We still love the Jag's interior lighting even if the shorter evenings mean we can't see it as much
As I write, it seems that summer has arrived and I can't say I'm sorry. The only good thing about winter, as far as I'm concerned, is Christmas. The rest short days, horizontal rain, pavements strewn with sodden leaves and having to dress like Scott of the Antarctic just to go to the shops you can keep.
As an XF owner, there is one thing I miss about winter, though, and that's commuting in the dark. The XF's cabin is a wonderful place to be at any time, but it's really special when darkness falls and it's bathed in mood lighting in a shade of blue usually seen only in a Seychelles holiday ad. It's like being in a cocktail bar, especially if you have the right background music playing through the brilliant Bowers & Wilkins speakers.
When we made the XF our Car of the Year in 2008, we singled out its interior for special praise. 'Like a piece of theatre' we said of its pulsing starter button, pop-up rotary gear selector and revolving air vents. 'You'd never tire of it.'
Well, nine months on, I haven't. Normally when I get in a car, I do the seatbelt/ignition/gear selection/handbrake thing in a blur, eager to be on my way. Yet in the Jag I find myself pausing for a few seconds, just to take it all in.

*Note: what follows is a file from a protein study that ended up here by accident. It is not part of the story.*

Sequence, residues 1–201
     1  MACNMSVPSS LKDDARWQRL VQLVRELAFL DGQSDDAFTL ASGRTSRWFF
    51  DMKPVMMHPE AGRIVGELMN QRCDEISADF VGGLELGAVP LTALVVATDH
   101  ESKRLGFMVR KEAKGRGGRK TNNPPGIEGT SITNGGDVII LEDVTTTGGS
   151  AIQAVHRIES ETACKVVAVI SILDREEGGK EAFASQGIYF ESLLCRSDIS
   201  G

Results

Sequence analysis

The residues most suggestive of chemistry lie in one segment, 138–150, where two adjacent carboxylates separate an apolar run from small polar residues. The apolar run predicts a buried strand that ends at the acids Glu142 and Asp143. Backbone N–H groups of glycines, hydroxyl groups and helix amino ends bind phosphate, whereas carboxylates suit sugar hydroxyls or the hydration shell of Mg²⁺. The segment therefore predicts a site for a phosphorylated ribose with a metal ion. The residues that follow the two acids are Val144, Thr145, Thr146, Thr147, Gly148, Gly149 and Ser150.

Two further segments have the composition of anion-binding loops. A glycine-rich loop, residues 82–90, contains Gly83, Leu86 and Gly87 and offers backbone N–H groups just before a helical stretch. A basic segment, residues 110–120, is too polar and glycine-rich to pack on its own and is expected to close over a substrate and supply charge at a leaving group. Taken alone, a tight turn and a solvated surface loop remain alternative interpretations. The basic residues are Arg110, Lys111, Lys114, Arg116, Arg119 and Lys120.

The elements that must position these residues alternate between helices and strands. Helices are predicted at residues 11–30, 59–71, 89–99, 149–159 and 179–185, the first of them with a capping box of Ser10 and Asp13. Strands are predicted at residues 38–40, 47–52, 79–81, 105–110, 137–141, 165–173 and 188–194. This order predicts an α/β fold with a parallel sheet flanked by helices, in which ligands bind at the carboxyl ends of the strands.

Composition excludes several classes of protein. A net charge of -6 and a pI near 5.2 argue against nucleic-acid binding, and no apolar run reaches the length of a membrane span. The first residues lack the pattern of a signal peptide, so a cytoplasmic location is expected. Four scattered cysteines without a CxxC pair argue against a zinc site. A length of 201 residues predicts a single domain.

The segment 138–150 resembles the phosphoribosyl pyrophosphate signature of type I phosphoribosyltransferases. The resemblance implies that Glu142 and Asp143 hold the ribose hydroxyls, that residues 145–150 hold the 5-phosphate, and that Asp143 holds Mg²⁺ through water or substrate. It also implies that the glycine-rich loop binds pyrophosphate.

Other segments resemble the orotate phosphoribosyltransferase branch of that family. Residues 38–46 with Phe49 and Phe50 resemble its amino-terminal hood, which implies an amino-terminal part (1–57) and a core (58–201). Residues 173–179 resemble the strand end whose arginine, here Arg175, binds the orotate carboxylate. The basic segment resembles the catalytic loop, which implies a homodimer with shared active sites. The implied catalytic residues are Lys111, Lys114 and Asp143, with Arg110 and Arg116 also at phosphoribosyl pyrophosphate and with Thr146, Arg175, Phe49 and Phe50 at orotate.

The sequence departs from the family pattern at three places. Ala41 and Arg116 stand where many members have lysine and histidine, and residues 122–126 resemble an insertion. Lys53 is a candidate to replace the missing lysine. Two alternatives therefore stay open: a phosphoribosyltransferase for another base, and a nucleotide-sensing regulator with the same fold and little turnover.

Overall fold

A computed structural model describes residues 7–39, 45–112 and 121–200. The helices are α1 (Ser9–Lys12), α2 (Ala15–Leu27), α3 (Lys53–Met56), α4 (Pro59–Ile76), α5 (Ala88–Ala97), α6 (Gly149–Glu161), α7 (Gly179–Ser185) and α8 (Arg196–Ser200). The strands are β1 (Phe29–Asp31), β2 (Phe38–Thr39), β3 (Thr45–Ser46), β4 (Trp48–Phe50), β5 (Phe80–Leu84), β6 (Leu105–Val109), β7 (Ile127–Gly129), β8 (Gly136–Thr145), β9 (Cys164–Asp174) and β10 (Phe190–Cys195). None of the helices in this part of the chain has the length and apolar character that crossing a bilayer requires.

I've found myself studying other cars' interiors materials, shapes, colours, illumination in even more-than-usual detail, just to see if there's anything I prefer, but by and large there isn't.
The great thing about the XF from the driver's perspective is that it combines beauty, simplicity and clarity. German and Japanese rivals look either austere or muddled in comparison.
Almost but not quite perfect
Even the XF isn't perfect, though. The rear foglight and remote boot switches are close enough together to demand special care when using them, the rear cupholders in the centre armrest aren't in keeping with the quality of the rest of the car, and the sat-nav instructions aren't duplicated in the instrument panel but this was corrected at the same time as the diesel engine was upgraded.
Still, I can use the remote plipper to open the boot, and I shouldn't need the foglights again before my year with the car is over. Now, what time does it get dark tonight? I might just go and sit in it.
What Car? says
Sometimes it feels more homely than my house.
Roger Stansfield long termer)